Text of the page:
Sunday, October 12, 2014

What do you see yourself doing 10 years from now

''What do you see yourself doing 10 years from now?''

I was given this question today, and I immediately went tongue-tied. What do I want to see myself doing when I am 30 years old? The truth is, I can't even provide a good answer if I were given question like ''Why do you want to be a doctor?''. A question that had been asked so frequently during the many interviews that I attended. This normally followed by ''What specialty you are interested in?'', ''Where do you plan to practice?'', etc.

I honestly have no idea to all the questions above. I remember when I was in matrics and was expected to fill in my preferred courses, I put medicine solely because of my passion for Human Biology. Other than this, my future is a blank canvas. When I went to interviews, I heard so many noble stories of what inspire people to want to do medicine. But not for me. I have no stories as such, I only let nature takes its course, I follow what my heart tells me, which leads me to studying medicine today. I have so many friends whom their parents/relatives are doctors. Probably that's the reason they are in a medical school. In comparison, both my parents are very less well-educated. They tell me they are proud of me because I choose to be a doctor, and they live in a belief that doctor is a very noble profession and that I will earn a lot of money out of that. They never told me what I am going to face. But I never blame them for that, as I should be responsible for what I want to pursue and get myself well prepared after all. Just like how people always tell us what we should pursue after: fame, fortune, popularity. But that's not always true, it is our responsibility to determine what we actually want. Only with that discovery will we feel complete. Perhaps, that is the brink of adulthood.

So I have to admit that I have no sufficient exposure to the reality of medicine before I enter medical school, I only knew I was intelligent enough to do medicine. Since I was young, my exam grades is the only aspect in my life that I am confident and proud of. I did well in all of the major exams. I guess all I had was luck. The awareness of that there's so much more to life and medicine than memorizing facts and regurgitating them, really makes me feel like giving up. I am in my third year now - maybe, maybe I can really survive medical school, but what happens after that?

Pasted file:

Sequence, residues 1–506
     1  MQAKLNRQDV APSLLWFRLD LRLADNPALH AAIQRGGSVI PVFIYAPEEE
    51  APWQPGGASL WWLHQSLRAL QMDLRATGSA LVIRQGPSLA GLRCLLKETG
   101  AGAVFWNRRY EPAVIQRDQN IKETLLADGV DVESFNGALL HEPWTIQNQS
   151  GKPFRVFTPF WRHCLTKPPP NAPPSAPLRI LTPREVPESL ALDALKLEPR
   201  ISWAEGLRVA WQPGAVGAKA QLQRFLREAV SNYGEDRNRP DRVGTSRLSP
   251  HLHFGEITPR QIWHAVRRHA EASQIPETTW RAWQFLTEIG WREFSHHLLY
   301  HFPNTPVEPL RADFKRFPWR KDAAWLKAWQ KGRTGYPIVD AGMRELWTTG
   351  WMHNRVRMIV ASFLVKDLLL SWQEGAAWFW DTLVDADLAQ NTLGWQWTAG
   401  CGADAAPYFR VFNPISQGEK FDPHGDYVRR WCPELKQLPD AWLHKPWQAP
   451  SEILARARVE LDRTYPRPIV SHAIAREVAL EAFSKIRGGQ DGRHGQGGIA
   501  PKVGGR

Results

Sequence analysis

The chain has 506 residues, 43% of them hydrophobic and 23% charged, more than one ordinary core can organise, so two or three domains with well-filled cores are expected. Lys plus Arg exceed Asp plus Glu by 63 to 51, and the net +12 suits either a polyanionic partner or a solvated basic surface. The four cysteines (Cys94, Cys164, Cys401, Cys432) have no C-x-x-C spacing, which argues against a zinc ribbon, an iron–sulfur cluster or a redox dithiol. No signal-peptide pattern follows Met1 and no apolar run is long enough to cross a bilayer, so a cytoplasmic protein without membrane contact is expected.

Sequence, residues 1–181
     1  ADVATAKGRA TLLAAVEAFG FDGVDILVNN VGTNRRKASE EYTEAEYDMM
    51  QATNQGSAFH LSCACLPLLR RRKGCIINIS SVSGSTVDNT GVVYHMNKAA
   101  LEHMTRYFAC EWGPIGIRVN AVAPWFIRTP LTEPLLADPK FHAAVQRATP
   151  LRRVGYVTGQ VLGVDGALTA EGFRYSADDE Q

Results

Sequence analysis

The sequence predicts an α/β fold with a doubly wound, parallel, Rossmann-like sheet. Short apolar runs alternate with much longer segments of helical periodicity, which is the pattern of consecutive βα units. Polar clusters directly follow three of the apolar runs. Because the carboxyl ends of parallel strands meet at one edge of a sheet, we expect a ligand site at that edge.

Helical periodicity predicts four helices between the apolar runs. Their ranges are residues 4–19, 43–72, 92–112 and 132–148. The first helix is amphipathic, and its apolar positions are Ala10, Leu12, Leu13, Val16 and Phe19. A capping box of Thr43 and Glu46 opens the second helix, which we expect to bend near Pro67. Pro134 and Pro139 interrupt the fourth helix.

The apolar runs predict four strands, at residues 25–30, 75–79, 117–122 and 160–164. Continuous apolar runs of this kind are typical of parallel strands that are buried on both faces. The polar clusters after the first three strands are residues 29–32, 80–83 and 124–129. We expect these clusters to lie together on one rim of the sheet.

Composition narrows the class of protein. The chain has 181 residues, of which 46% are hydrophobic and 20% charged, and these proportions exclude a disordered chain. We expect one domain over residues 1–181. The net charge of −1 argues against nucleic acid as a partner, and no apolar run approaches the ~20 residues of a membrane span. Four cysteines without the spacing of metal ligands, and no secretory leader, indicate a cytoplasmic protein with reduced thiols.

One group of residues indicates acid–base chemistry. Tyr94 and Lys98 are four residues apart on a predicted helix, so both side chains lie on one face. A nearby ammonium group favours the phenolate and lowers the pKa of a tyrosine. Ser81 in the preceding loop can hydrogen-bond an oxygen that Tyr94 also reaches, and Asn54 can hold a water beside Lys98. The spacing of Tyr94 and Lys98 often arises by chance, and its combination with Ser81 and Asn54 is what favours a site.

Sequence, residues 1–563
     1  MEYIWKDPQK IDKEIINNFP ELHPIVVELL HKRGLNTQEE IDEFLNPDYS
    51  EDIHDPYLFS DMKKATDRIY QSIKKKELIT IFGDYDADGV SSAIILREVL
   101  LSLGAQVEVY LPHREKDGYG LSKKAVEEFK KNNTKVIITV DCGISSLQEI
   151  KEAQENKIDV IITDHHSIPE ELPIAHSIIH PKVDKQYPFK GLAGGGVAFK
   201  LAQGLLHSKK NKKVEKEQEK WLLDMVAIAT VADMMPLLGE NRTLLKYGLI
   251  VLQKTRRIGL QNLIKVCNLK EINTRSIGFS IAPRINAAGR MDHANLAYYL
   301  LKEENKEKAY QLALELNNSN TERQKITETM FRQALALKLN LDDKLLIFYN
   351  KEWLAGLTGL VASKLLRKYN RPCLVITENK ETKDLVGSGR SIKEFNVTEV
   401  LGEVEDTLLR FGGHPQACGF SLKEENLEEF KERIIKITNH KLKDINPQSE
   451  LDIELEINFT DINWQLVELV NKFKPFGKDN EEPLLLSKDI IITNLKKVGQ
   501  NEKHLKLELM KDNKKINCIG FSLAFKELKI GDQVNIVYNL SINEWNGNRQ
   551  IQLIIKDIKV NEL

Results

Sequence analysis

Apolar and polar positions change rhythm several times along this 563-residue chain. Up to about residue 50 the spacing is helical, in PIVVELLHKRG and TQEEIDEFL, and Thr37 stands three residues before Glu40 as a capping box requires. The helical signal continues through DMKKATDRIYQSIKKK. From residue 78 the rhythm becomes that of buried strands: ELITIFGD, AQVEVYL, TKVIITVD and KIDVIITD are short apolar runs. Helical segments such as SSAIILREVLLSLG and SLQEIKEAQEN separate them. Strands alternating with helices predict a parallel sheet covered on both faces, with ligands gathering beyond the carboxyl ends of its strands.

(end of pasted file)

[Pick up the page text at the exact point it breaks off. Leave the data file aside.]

The end point is really not the medical degree. The degree might even be the beginning. People always say medicine is a long and tough journey. Even old people are telling you how hard medicine is. But what they didn't know is that not the extra years we spend in university which makes medicine hard, it's the long lead-in period to becoming a qualified doctor. Let's say if you decide at 18 to be a doctor, you still have at least ten years before you practice independently in your field. Ten years is long. So many things can change in these ten years. Maybe I will slowly lose enthusiasm for medicine. Maybe I get more and more disappointed by things we can't change, the whole medical system in our country. Maybe I no longer able to get the sense of satisfaction from patients - patients pay me, expect me to cure them, then they leave. No respect, no gratitude, no appreciation, nothing. Slowly medicine is evolving to just another profession, doctors have become like everybody else - no satisfaction from the job, no human touch, constantly feeling insecure. I considered myself lucky, because before today, I never thought that I would ever think this way. Main reason being I wasn't taught this way. My lecturers have been giving us a very positive outlook of our future careers, and how much impact we are going to give to the society once we graduate. But now I am not even halfway through medical school, and I am already doubting myself. Most of us went into medicine to help people. We want to practice medicine the right way, but too many forces today are propelling us away from it. Will I become the kind of doctor I despise? Can you believe it, I doubt myself of the decision I once so proud of. The closer I am to my clinical year, the louder the alarm clock in me seems to blare that I should know what I want. The exhaustive commitment that is required in becoming a good doctor, do I have it?